Don’t turn a deaf ear when children tell of abuse, expert tells parents

  • Nation
  • Saturday, 30 Nov 2019

PETALING JAYA: Forget the saying that children should be seen and not heard, especially when it is about sexual abuse.

Children almost never lie about being sexually abused, said consultant paediatrician Datuk Dr Amar Singh.

“Most children don’t tell anyone when they have been sexually abused.

“They worry about being blamed or fear no one will believe them because this is what their abuser tells them.

“And most of the time, they are right. From my experience, 50% of mothers don’t believe their children when they say they have been sexually abused.

“This is especially if the abuser is a family member.

“A child does not have the capacity to make such things up. It takes a lot of courage for a child to speak up because often, they are threatened and blackmailed by their abuser to stay silent, ” Dr Amar said.

The Star reported yesterday that one in 10 children in Malaysia are sexually abused.

About 98% of these child sexual abuse cases are true but only three out of every 10 adults believe them.

Shaney Cheng, a senior case worker with non-governmental organisation PS the Children, said the dismissive attitudes and disbelief of adults is one reason why children don’t speak up about the abuse they face.

“Seven out of 10 cases of child sexual abuse happens within the family and is almost always swept under the carpet because it brings shame to the family.

“That is the reality and that’s why you don’t hear most cases of child sexual abuse.

“Also, people assume that child sexual abuse is rape and nothing else.

“Molestation, flashing a child, touching a child, sexting is seen as ‘no big deal’ but that’s wrong.

“These are also forms of sexual abuse because these are violations by a person of power for their own sexual gratification.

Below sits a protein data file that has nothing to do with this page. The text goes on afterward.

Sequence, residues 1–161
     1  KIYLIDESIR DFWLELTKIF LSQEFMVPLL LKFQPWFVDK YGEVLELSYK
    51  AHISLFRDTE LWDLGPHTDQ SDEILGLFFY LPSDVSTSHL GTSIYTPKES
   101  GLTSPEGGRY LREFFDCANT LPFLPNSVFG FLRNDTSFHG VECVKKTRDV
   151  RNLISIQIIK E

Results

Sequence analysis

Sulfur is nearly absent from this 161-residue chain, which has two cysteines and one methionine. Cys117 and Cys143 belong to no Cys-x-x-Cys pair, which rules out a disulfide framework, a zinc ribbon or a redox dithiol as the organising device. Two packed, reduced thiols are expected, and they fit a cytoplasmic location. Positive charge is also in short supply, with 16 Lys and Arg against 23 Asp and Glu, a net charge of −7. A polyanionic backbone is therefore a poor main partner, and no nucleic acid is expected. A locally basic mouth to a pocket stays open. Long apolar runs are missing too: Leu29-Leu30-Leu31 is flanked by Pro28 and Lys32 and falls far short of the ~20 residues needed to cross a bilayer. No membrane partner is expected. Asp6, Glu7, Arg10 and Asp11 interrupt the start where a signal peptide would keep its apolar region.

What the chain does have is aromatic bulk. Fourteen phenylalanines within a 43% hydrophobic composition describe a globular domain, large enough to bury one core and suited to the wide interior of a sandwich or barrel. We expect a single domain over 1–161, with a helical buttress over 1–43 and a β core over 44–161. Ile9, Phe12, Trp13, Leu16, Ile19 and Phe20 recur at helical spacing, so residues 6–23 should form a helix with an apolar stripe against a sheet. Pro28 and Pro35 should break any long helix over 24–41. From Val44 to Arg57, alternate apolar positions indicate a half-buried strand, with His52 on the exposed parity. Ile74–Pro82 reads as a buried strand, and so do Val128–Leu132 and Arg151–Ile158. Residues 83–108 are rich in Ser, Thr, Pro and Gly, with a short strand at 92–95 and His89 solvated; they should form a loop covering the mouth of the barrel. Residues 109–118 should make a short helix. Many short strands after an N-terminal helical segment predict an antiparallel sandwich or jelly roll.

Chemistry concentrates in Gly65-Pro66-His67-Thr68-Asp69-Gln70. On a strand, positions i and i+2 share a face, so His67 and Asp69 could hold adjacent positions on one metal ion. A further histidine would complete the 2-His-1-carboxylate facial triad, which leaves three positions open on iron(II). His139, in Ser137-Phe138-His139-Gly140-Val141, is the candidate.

“And when children do speak up, they are hushed up.

“If a girl reports that she has been molested or that she was assaulted by a flasher, she is often told to ‘be more careful next time.’

“If a boy speaks up, the response is even more negative because boys are ‘supposed’ to be able to protect themselves. All this makes it very difficult for a child to speak out, ” Cheng said.

“The statistics (of child sexual abuse) are shocking but we need to be a society that takes responsibility and protects and supports our children. Yes, it happens. We have to accept it and do something about it.

“Find out about child sexual abuse and understand how children respond and why they don’t speak out.

“Talk about child sexual abuse so that more people understand the issue and stop dismissing or blaming the children, ” Cheng said.

Women’s Centre for Change programme director Karen Lai felt that society needs to change the way it responds when a child reports being sexually abused.

“As a society, we tend to believe adults more than children when they disclose that they have been abused.

“This poses a serious challenge because the initial response to a child’s disclosure is so critical.

“If a child is met with disbelief (“Why did you go with him?” or “Why didn’t you tell me earlier?” instead of words of support or validation (“I believe you” or “It’s not your fault”), she or he will clamp down and feelings of shame and guilt will worsen.

“Should this happen, it will be difficult to take action against the perpetrator, ” Lai said.

For help, contact PS The Children at 03-7957 4344 or 016 721 3065 (emergency contact), the Women’s Centre for Change, Penang at 04-228 0342 or Women’s Aid Organisation at 03-79563488 or WhatsApp 018-988 8058.

Article type: free
User access status:

Did you find this article insightful?


Across the site